Outsider Status – As seen in the David Letterman appearance (“I got bullied by my boss for being fat!”), Segel is skilled at using his love handles to get love from audiences. It’s no coincidence that for years, the actor accidentally(?) circulated a joke/rumor that Linda Cardellini (Lindsay from Freaks and Geeks) dumped him for gaining twenty pounds. Despite being a super-successful, mega-rich, creatively fulfilled star – who, incidentally, does a really great job of keeping his partying mostly under wraps – Segel’s extra pounds render him relatable by making him seem like a Hollywood outsider.
That fat outsider quality might explain why he’s so often cast as a manchild. Manchildren might be the new normal in the movies, but they’re still treated, by the supporting characters and most audience members, as standing outside the bounds of normal society. Segel’s fat virtually endows him with a manchild narrative: This is a guy who’s hit his thirties and is gaining weight fast because he eats and behaves in exactly the same way he’s been doing since puberty. Fat augments his characters’ slovenly appearance and aura of idleness, and gives them an unnatural “baby with stubble” look that perfectly emblematizes the out-of-step life stage they occupy.
Hedonism – Accordingly, there’s always a slight air of tragedy to the manchildren of the movies. If they’re in a Farrelly Brothers film, they suffer from an unresolved childhood trauma. If they’re one of Apatow’s creatures, they need the love and civilizing influence of a good buzz-killing woman. But part of Jason Segel’s PR magic has been the transformation of the actor’s fat into a sign of hedonism. In a different appearance on Letterman last year, Segel talked about gaining 40 pounds while filming Jeff, Who Lives at Home in Louisiana because there was so much good food and drinks in New Orleans that he couldn’t help himself. In other words, Jason Segel knows you’re looking at his fat, and he wants to tell you that it comes from Good Times. He’s not gonna make excuses about being big-boned or having a thyroid disorder, and he’s not the fat kid who has to learn how to be funny to make friends and avoid getting picked on. Fat, or at least his fat, equals fun.
Confidence and Desirability – For all the many self-deprecating remarks Segel has made about his weight, he is clearly confident enough to talk about his fat often and extensively, thus inviting others to do so as well. (Hi, Jason!) In fact, Segel's regular discussions about his body ultimately read like a secret campaign for the sensitive schlub. Take Sarah Marshall, for instance, which Segel wrote and starred in. The film promotes the sensitive chubby guy – a figure usually reserved in film for a high school girl’s gay best friend – to the hero and romantic lead. The fat, depressed schlub (Segel) is positively compared against his rail-thin, manic sex-pirate rival (Russell Brand). Chubby dudes like himself are the boys next door. Thin men like Brand, on the other hand, are strange, foreign, a passing fad.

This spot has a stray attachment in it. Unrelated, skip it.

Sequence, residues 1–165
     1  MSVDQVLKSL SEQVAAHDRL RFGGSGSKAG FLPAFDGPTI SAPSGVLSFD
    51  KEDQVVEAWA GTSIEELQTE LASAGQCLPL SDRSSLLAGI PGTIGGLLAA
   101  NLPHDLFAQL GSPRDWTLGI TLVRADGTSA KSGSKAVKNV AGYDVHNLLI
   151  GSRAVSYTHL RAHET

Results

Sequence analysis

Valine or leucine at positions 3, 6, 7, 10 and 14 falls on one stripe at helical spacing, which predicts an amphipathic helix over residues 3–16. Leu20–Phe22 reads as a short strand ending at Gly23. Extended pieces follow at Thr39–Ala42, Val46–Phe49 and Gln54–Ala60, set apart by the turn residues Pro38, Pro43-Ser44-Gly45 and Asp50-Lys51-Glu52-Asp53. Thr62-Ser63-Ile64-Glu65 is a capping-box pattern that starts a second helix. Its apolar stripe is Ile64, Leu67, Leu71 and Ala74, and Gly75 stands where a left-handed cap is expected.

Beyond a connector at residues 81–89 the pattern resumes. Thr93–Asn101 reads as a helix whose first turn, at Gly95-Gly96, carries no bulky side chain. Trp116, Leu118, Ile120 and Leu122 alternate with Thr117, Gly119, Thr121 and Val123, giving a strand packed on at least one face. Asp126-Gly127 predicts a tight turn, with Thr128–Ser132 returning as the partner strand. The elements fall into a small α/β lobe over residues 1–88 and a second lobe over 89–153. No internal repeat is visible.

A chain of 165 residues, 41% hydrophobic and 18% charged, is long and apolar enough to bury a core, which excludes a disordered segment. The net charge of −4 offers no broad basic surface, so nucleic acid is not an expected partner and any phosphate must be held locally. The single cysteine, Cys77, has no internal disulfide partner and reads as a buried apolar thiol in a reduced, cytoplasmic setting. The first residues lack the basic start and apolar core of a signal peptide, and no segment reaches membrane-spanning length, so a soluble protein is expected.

The film is virtually a (rather self-aggrandizing) paean to the sensitive chubby guy. Segel’s character Peter demands sympathy on account of his vulnerability and regular-guy looks, while Segel the actor/screenwriter calls attention to how cool he is about his body (including his penis), that he can be openly self-deprecating about it, even show it off. At the same time that his character is being callously emasculated (Peter’s girlfriend Sarah, played by Kristen Bell, dumps him while his, er, peter is exposed), Segel portrays his "real" self as desirably “masculine." He doesn't care, after all, if you see his body – or not enough to shield it from the camera's view, since, in movie terms, men who are overly concerned with their appearance aren’t desirable – they’re sissies, narcissists, or The Situation. In contrast to those undesirable types, Segel can draw attention to his fat (and his penis) to score sympathy points, while alluding to the sexual self-assurance he must have in order to bare them.
It’s hard to imagine another actor using his fat as part of his/her "brand" as successfully as Segel. Bonding with fans over weight problems is usually an older female star’s strategy (Oprah, Kirstie Alley), and usually occurs only in the context of selling a makeover product aimed at older female audiences (e.g., The Oprah Winfrey Show, Jenny Craig). But Segel’s audience is younger and comprised of both men and women. In a shrewd reversal (that likely wouldn’t work for even a popular thirtysomething actress), Segel employs his fat as a plea for sympathy and identification (“look how gross I am, just like you”), while exhibiting it as a sign of his sexual confidence (“look how okay I am with how gross I am; you should be impressed”). Thus, Jason Segel is having his cakes, and eating them too.